(Reuters) – Canada will ease entry for fully vaccinated international travellers starting on Feb. 28 as COVID-19 cases decline, allowing a rapid antigen test for travellers instead of a molecular one.
DEATHS AND INFECTIONS
* Eikon users, see COVID-19: MacroVitals https://apac1.apps.cp.thomsonreuters.com/cms/?navid=1592404098 for a case tracker and summary of news.
* A new wave of infections from the Omicron variant is moving towards the east of Europe, the World Health Organization said, urging authorities to improve vaccination and other measures.
* The Dutch government will lift most of its coronavirus restrictions as of Friday.
* Germany can start easing restrictions now that a wave of infections with the Omicron variant is subsiding, its health minister said.
* Novak Djokovic is prepared to miss the French Open and Wimbledon rather than have a COVID-19 vaccination but denies being an anti-vaxxer, the world number one said in his first interview since his failed attempt to play at the Australian Open.
* Ottawa’s police chief has resigned after criticism that he did not do enough to stop COVID-19 protests that have paralysed Canada’s capital city and forced Prime Minister Justin Trudeau to invoke emergency powers, a city official said.
* The leak website Distributed Denial of Secrets said it has posted more donor files from the fundraising platform GiveSendGo relating to the Canadian movement of people opposed to pandemic health measures, including COVID-19 vaccines.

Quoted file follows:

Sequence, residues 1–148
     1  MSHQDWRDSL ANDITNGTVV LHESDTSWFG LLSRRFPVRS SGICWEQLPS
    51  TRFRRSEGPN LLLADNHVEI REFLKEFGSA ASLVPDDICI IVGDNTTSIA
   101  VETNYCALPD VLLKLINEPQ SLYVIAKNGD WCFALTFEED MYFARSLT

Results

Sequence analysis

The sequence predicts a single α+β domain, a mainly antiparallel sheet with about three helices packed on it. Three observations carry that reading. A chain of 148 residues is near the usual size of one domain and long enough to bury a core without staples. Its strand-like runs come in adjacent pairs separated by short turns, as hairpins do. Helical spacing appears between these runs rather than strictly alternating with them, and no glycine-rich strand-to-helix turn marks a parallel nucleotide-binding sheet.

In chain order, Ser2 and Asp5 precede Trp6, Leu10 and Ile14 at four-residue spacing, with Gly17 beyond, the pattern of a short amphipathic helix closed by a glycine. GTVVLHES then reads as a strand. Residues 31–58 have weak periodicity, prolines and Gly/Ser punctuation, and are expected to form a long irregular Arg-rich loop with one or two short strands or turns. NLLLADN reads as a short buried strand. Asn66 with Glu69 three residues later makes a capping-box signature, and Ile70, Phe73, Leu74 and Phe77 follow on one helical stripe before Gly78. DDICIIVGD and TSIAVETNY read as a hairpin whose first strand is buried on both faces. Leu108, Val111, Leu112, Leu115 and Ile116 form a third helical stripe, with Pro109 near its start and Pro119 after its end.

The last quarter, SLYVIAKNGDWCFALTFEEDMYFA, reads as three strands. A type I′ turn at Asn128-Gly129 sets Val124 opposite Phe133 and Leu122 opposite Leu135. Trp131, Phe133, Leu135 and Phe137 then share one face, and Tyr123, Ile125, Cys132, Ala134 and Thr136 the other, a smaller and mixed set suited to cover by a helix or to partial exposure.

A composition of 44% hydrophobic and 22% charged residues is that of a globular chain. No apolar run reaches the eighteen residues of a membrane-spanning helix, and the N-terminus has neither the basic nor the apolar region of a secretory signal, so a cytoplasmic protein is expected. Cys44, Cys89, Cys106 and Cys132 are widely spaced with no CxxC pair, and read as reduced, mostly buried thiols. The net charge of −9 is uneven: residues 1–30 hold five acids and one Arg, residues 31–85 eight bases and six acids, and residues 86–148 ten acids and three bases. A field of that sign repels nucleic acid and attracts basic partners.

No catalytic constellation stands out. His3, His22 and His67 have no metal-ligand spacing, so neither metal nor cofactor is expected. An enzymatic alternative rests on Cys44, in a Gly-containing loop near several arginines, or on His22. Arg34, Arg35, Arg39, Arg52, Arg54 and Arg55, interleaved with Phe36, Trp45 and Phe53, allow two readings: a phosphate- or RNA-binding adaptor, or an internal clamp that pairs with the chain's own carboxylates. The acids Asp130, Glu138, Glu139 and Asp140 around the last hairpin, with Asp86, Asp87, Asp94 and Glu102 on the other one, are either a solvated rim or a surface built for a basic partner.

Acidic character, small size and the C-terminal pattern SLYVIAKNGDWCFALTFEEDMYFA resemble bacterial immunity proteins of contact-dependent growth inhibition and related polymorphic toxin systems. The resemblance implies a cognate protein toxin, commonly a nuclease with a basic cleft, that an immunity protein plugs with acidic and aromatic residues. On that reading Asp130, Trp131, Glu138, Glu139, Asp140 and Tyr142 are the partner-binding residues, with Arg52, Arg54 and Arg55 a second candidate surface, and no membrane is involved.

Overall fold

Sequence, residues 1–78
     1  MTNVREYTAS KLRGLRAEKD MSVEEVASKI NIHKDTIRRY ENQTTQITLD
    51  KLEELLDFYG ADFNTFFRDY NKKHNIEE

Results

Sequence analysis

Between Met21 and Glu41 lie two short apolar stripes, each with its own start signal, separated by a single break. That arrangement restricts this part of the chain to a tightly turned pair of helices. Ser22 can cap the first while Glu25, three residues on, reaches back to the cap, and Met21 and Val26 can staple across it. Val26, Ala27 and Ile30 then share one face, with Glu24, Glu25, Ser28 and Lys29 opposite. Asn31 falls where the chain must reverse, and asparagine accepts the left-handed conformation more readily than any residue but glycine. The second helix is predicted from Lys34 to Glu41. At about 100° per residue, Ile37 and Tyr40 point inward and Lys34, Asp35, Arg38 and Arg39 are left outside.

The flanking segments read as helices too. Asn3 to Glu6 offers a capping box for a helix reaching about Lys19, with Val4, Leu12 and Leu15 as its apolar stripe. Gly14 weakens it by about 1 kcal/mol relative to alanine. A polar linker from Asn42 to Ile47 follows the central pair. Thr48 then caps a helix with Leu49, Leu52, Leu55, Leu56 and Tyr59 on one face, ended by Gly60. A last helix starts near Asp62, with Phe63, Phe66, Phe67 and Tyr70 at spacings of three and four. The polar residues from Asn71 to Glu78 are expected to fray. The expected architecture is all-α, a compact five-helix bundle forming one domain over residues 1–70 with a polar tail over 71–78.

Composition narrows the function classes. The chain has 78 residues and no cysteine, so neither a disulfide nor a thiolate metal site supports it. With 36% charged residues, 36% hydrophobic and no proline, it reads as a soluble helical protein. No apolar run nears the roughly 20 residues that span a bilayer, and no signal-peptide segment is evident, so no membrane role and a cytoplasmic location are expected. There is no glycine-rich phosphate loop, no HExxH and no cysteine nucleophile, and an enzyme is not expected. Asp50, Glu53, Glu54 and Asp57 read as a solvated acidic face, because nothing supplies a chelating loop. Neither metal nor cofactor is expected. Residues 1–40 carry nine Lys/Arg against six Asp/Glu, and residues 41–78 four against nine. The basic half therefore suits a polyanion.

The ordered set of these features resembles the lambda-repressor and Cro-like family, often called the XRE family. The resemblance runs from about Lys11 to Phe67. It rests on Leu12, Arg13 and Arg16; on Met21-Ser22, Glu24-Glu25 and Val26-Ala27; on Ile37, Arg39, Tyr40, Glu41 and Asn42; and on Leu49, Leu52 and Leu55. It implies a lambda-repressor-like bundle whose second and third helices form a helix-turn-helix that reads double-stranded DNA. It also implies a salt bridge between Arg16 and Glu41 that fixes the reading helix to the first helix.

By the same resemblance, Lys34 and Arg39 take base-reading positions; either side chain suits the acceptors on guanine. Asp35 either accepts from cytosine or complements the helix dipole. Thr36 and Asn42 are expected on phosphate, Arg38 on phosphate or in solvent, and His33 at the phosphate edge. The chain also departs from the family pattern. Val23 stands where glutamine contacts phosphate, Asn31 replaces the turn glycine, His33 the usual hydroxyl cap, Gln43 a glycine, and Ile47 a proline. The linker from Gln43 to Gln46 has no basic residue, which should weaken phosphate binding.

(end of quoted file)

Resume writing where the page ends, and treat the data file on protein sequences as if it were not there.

* Washington, D.C. will no longer require people to show proof of COVID-19 vaccination to enter many businesses starting Tuesday, its mayor said, joining a slew of local leaders who are dialling back pandemic restrictions as the Omicron wave ebbs.
* Hong Kong leader Carrie Lam ruled out a citywide lockdown, but a surge of infections meant she could not “preclude” the possibility of postponing next month’s chief executive election.
* Vietnam’s tourism ministry proposed a full reopening of the country to foreign visitors and a lifting of nearly all travel restrictions from March 15, three months earlier than planned.
AFRICA AND MIDDLE EAST
* Israel will start offering AstraZeneca’s antibody cocktail Evusheld to people with compromised immune systems who did not get a sufficient antibody boost from vaccines.
* Vaccinating pregnant women against the coronavirus may help prevent COVID-19 hospitalisations in infants after they are born, especially if the expecting mothers got the shots later in their pregnancy, U.S. researchers reported.
* Long COVID is less likely to affect vaccinated people than unvaccinated people, a new review of 15 studies by the UK Health Security Agency has concluded.
* A Chinese mRNA vaccine candidate showed a sharper drop in neutralising antibody activity against Omicron than against the non-mutated coronavirus in a small study, but a booster readily induced antibody production in animal tests, a research paper said.
* Euro zone economic growth slowed sharply quarter-on-quarter as expected in the last three months of 2021, data confirmed, as activity was hit by another wave of infections and surging prices that cut into disposable incomes.
* German investor sentiment rose in February on expectations that restrictions to contain COVID-19 will ease, allowing growth in Europe’s largest economy to pick up, a survey showed.
(Compiled by Aditya Soni and Milla Nissi; Edited by Sriraj Kalluvila, Mark Heinrich and Shounak Dasgupta)